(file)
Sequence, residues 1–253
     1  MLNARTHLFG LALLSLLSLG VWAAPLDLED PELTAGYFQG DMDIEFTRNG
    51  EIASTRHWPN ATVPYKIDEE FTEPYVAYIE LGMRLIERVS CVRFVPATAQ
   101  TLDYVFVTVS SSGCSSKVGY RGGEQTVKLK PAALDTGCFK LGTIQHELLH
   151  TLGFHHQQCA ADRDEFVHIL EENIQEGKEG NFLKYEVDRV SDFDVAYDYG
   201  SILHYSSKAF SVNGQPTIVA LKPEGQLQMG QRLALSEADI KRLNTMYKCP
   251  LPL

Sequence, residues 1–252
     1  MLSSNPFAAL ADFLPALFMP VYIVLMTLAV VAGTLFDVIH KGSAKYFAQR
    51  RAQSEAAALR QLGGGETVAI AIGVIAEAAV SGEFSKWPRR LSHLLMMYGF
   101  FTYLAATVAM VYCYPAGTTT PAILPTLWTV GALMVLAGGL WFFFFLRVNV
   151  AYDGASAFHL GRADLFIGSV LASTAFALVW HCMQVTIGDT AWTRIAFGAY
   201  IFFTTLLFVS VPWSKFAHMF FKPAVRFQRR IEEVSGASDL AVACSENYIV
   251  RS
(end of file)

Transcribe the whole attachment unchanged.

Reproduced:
Sequence, residues 1–253
     1  MLNARTHLFG LALLSLLSLG VWAAPLDLED PELTAGYFQG DMDIEFTRNG
    51  EIASTRHWPN ATVPYKIDEE FTEPYVAYIE LGMRLIERVS CVRFVPATAQ
   101  TLDYVFVTVS SSGCSSKVGY RGGEQTVKLK PAALDTGCFK LGTIQHELLH
   151  TLGFHHQQCA ADRDEFVHIL EENIQEGKEG NFLKYEVDRV SDFDVAYDYG
   201  SILHYSSKAF SVNGQPTIVA LKPEGQLQMG QRLALSEADI KRLNTMYKCP
   251  LPL

Sequence, residues 1–252
     1  MLSSNPFAAL ADFLPALFMP VYIVLMTLAV VAGTLFDVIH KGSAKYFAQR
    51  RAQSEAAALR QLGGGETVAI AIGVIAEAAV SGEFSKWPRR LSHLLMMYGF
   101  FTYLAATVAM VYCYPAGTTT PAILPTLWTV GALMVLAGGL WFFFFLRVNV
   151  AYDGASAFHL GRADLFIGSV LASTAFALVW HCMQVTIGDT AWTRIAFGAY
   201  IFFTTLLFVS VPWSKFAHMF FKPAVRFQRR IEEVSGASDL AVACSENYIV
   251  RS